After the diatribe of the last post, I think it’s time to talk about what makes a good campaign setting for a fantasy RPG. I’ll put this out now: this is my opinion, and I do not speak for the entire POC community on the topic. As a POC gamer, I look for the same things than non-POC gamers do in game. I look for fun, immersion, and emotional investment in what is going on. Some campaign settings make this difficult, others make it nearly impossible. I mentioned before that POC are demanding more recognition, and equal recognition in the worlds of SF&F. The same problems and issues acting as barriers to POC occur in both SF&F gaming and literature, where publishers gleefully whitewash (replace minorities with lighter or white characters) cover art for some books under the belief that people (read: Whites) won’t buy books with non-White human protagonists.  This trend carries on into interior art in the case of game books, and with the assumption that White is the “default” setting of humanity, and everything else deviates from that, and that gamers won’t or don’t want to buy or play games featuring non-Whites prominently. The subject of inclusiveness shouldn’t be an issue, but, unsurprisingly, it is.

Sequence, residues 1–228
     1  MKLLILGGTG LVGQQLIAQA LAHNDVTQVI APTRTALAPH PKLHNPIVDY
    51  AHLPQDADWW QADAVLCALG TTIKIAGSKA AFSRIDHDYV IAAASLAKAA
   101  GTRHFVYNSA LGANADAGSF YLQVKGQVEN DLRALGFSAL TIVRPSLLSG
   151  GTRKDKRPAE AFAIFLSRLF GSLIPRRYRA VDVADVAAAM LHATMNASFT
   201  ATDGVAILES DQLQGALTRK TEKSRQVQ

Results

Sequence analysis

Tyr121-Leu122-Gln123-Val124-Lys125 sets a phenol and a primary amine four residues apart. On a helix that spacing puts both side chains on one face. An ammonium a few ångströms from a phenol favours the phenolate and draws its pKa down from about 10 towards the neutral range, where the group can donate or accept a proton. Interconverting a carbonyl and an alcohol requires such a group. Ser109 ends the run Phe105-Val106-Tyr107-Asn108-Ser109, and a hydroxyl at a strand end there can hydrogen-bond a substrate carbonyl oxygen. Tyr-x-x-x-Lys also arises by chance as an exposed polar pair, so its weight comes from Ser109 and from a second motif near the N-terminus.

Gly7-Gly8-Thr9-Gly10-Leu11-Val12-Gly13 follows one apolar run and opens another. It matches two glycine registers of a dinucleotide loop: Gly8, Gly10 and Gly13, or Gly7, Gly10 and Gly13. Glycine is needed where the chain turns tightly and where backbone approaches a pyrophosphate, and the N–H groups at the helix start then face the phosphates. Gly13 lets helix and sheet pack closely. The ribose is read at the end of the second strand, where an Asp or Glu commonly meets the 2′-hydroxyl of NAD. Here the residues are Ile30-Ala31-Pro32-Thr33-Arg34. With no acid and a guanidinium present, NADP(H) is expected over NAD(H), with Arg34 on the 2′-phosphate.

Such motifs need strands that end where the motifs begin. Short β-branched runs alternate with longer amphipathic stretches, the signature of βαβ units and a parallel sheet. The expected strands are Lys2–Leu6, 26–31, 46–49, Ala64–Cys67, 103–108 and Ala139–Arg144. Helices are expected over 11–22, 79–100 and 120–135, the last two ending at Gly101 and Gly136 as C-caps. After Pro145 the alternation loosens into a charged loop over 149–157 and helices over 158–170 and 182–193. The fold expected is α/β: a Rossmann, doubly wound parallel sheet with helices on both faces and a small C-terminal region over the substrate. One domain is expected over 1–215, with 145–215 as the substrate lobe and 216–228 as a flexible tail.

Monthly Archives: December 2013
“The Chult Event” is my term for the events that occurred during the retcon and revamp of the Forgotten Realms campaign setting for 4e D&D. The Chult Event was the last straw for me, it was one of the catalysts that brought this blog into being. As with most things, it’s best to start with some background on racism in fantasy. It’s not unfair or hostile to say that the genre of fantasy is riddled with racism. Sometimes intentional, sometimes not, it is mostly achieved through the aggressive use of stereotypes and writing tropes, racism by omission, and through substitution (of monsters for human ethnicities).  For all intents and purposes, it happens to further the immersion in and to carefully maintain the comfort zone and status quo enjoyed by the main audience and producers of the product, namely, a White audience. Given the increased and increasing plurality and integration in modern society, where more and more minorities and POC are asking for recognition and fair depiction, this has lead to a clash in the roleplaying and gaming subculture. It has also lead to game companies like Wizards of the Coast (WotC), to (hopefully unintentionally) commit some fairly racist actions that make it hard for POC to invest themselves in their product.
As a person of colour (POC, sometimes people instead of person), gaming can be a sometimes frustrating experience. In addition to the usual issues all gamers have, like finding time, and getting schedules to match up, there are other issues. Problems that are coming under increasing scrutiny, and that are becoming a subject of often vitriolic discourse both online and offline.
One of the key issues at hand is that POC are increasing tired of the hackneyed and stereotyped representations of themselves (and by extension, other ethnic groups and minorities) in gaming, and also of the frequent occurrences of racism by omission. As a population that is increasing in size and in consumption of games (both tabletop and video), its understandable that we would like to see ourselves represented a bit more often, and in less negative portrayals and roles.